• After infection the incubation period may be as short as 1-3 days.
  • Local infection can cause otitis media, sinusitis and pneumonia.

  • Invasive disease can present as bacteraemia or meningitis. These are associated with a high risk of mortality.
  • Pneumococcus rarely infects the heart muscle causing endocarditis, joints, the peritoneal cavity and the fallopian tubes.
  • Diagnosis is made by isolating pneumococci in the blood or another normally sterile site however the delay in obtaining culture results means they are not useful in early treatment decisions.
  • Not everyone with pneumococcus pneumoniae develops bacteraemia. Obtaining positive culture results may also be influenced by early/prior administration of antibiotics.
Method of transmission

Pneumococcal bacteria are carried in the nose and throat and are easily passed from person to person by coughing, sneezing and close contact. Not everyone who catches or carries pneumococcal bacteria gets sick from it.

Public health significance

Carriage of Streptococcus pneumoniae is common in New Zealand children, they are likely to be the major reservoir for infection in adults.

Pneumococcal pneumonia is the most common form of serious pneumococcal disease.

Healthy children less than five years of age and the elderly are at risk from pneumococcal disease but the highest risk of serious disease is for infants less than one year of age, Māori, Pacific Peoples and older people.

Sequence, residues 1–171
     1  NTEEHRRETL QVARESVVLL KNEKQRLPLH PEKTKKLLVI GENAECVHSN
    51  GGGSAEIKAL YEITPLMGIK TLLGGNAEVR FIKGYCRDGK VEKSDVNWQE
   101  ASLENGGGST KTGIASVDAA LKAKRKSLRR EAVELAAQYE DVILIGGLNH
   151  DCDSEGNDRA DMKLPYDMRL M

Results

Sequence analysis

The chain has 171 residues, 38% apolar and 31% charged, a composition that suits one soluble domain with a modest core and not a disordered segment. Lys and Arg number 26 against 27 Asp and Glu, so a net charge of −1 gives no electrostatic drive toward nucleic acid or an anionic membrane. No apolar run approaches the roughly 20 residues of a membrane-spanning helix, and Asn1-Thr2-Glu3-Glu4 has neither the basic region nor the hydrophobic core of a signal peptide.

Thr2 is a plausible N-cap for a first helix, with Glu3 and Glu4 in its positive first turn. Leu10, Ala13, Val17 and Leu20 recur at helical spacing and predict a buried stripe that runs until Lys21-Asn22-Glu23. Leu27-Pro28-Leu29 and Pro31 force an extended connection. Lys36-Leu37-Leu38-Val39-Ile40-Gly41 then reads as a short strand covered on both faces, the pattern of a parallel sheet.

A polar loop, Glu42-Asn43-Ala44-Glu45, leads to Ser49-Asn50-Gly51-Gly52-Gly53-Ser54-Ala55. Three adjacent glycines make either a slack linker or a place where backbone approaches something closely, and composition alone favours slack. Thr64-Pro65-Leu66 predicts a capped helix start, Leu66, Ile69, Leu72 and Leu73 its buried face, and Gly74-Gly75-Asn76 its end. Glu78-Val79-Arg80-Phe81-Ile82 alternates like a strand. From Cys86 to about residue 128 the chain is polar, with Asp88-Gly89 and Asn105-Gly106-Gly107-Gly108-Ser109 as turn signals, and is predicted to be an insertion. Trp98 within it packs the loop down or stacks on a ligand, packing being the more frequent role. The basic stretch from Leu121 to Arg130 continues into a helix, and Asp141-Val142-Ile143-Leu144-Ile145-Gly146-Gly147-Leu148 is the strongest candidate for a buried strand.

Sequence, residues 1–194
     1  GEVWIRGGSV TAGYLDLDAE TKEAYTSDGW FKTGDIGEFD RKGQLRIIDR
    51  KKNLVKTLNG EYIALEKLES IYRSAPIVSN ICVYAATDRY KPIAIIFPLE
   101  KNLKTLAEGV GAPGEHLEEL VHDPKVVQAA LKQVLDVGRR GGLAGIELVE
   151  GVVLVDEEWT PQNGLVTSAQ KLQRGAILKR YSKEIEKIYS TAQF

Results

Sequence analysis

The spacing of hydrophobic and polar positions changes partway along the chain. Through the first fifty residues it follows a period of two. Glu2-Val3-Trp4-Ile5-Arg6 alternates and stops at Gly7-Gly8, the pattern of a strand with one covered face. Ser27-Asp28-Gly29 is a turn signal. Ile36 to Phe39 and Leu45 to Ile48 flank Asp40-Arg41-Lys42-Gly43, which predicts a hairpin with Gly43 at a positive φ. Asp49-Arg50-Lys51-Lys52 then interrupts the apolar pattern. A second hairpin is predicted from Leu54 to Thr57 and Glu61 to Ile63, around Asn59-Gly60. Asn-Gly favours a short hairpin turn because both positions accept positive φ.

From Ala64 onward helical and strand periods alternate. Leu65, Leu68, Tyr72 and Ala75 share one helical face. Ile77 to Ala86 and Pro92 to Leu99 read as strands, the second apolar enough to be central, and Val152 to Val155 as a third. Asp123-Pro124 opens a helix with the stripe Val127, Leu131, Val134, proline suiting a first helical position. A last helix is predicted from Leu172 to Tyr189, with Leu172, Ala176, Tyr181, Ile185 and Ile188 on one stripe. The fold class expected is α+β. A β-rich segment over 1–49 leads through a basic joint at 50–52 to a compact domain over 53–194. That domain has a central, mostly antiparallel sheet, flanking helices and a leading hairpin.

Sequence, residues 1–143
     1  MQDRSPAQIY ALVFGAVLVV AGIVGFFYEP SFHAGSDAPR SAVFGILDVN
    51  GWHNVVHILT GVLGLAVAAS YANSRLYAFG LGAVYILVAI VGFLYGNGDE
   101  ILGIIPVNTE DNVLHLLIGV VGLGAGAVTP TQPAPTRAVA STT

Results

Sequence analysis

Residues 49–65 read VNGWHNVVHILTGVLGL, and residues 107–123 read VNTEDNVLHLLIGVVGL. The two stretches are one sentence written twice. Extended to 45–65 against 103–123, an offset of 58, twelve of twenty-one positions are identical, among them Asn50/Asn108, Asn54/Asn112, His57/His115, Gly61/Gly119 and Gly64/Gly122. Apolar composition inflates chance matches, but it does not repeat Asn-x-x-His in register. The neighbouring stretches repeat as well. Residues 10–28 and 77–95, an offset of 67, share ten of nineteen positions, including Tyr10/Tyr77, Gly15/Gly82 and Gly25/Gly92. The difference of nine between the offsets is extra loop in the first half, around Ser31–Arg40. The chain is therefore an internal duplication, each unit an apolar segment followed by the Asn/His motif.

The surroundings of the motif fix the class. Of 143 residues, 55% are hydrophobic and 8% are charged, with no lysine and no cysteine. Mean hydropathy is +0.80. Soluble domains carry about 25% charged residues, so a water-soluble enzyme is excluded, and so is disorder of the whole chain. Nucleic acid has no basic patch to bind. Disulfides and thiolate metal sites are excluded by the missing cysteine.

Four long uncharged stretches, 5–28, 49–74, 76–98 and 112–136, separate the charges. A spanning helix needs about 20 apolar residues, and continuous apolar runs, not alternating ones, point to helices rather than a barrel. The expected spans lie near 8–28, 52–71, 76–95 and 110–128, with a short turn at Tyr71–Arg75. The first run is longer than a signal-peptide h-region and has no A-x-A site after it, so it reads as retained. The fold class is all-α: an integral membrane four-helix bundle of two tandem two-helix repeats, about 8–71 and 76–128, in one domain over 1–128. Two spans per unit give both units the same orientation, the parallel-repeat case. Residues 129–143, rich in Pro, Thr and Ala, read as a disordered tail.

Being exposed to cigarette smoke, living in crowded conditions, and/or having some medical conditions can also increase the risk of pneumococcal disease.

In 2010 there was a reduction in invasive pneumococcal disease (IPD) across all age groups in New Zealand. The commencement of immunisation of young children with the pneumococcal conjugate vaccine (PCV7) in June 2008 has reduced the number of children carrying the bacteria in their nose and throat, reducing spread of the bacteria and protecting some older children and adults who had not had the vaccine. This 'herd immunity' effect was also seen in the US after introduction of PCV7.

There has been some increase in IPD caused by non-PCV7 serotype 1 since the introduction of the vaccine. Other countries have reported an increase in serotype 19A following the introduction of the PCV7 vaccine but this has not occurred in New Zealand.

New Zealand epidemiology

The incidence of invasive pneumococcal disease (IPD) in infants <2 years old has reduced 70.9% since the introduction of the seven valent pneumococcal conjugate vaccine (PCV7) in June 2008. The reduction in IPD caused by PCV7 serotypes in this age group is even more striking than the reduction in all IPD.

Rates of IPD in Pacific Peoples and Māori were 5.9 and 3.6 times, respectively, the rate among Europeans. Just over half of IPD cases, for whom the information was reported, were recorded as having a chronic illness, just over half were less than 5 years of age and in childcare, and just under half of cases less than 5 years of age were exposed to smoking in the household.